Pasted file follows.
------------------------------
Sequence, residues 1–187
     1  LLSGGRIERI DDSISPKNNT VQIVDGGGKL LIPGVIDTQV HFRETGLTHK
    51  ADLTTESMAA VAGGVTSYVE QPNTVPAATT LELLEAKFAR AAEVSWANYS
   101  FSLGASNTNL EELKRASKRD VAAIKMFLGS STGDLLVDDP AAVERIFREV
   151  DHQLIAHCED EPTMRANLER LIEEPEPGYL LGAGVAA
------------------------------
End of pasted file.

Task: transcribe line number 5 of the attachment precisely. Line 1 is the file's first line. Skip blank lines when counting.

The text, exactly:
   151  DHQLIAHCED EPTMRANLER LIEEPEPGYL LGAGVAA